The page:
The Grocery Manufacturers Association gave $110,884 to federal candidates in the 2006 election through its political action committee — 20% to Democrats and 80% to Republicans… spent $1,420,000 for lobbying in 2006. $780,000 went to eight lobbying firms with the remainder being spent using in-house lobbyists.

And what does the GMA lobby against? Taxation of candy and sugar-sweetened soft drinks, and even the basic courtesy of disclosing the ingredients on the package. The GMA also wields its influence against the establishment and enforcement of nutrition standards in schools.

So, through their acceptance of and collaboration with Coca-Cola and its ilk, the professional organizations indirectly support efforts to undermine the battle against childhood obesity. Dr. Siegel says,

Just like the tobacco companies used to do, Coca-Cola is talking out of one side of its mouth, and out of the other, it is working behind the scenes to oppose the very measures that it purports to support.

For casting aspersions on the too-cozy relationships between science and commerce, this author has reaped a whirlwind of scorn. How does he react to personal attacks? With increased conviction, saying,

… it is clear to me that I have struck a nerve somewhere and that the defensive reaction is due to an underlying realization that these corporate partnerships are not sustainable if these organizations are to retain any semblance of integrity.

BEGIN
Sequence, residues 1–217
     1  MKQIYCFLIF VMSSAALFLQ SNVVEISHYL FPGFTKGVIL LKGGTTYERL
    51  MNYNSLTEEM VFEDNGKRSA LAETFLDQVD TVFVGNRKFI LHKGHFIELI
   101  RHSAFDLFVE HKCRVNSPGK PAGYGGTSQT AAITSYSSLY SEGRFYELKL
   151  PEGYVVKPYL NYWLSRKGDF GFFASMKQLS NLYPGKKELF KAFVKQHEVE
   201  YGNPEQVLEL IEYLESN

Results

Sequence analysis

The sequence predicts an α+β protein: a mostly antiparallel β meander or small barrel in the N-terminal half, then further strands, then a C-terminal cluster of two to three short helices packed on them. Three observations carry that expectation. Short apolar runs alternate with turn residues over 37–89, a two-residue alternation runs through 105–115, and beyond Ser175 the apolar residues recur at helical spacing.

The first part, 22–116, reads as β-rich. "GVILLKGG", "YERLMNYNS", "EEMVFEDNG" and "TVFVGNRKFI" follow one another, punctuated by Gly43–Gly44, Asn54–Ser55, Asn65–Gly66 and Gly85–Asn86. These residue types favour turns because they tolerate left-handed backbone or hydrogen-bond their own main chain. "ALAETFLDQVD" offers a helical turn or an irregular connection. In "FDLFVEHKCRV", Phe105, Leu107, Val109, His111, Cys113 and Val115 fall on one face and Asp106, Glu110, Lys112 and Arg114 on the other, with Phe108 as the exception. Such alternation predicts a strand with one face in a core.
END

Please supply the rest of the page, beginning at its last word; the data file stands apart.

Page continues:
Your responses and feedback are welcome!

Source: “The Two Biggest Reasons Why the ADA, AAP, and AAFP Should Not Take Money from Coca-Cola and Other Big Food Companies,”, 04/15/11
Source: “Grocery Manufacturers Association,” SourceWatch
Image by Ernst Vikne, used under its Creative Commons license.

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Dr. Robert A. Pretlow is a pediatrician and childhood obesity specialist. He has been researching and spreading awareness on the childhood obesity epidemic in the US for more than a decade.
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Dr. Pretlow’s invited presentation at the American Society of Animal Science 2020 Conference
What’s Causing Obesity in Companion Animals and What Can We Do About It

Dr. Pretlow’s invited presentation at the World Obesity Federation 2019 Conference:
Food/Eating Addiction and the Displacement Mechanism

Dr. Pretlow’s Multi-Center Clinical Trial Kick-off Speech 2018:
Obesity: Tackling the Root Cause

Dr. Pretlow’s 2017 Workshop on
Treatment of Obesity Using the Addiction Model

Dr. Pretlow’s invited presentation for
TEC and UNC 2016

Dr. Pretlow’s invited presentation at the 2015 Obesity Summit in London, UK.

Dr. Pretlow’s invited keynote at the 2014 European Childhood Obesity Group Congress in Salzburg, Austria.

Dr. Pretlow’s presentation at the 2013 European Congress on Obesity in Liverpool, UK.

Dr. Pretlow’s presentation at the 2011 International Conference on Childhood Obesity in Lisbon, Portugal.

Dr. Pretlow’s presentation at the 2010 Uniting Against Childhood Obesity Conference in Houston, TX.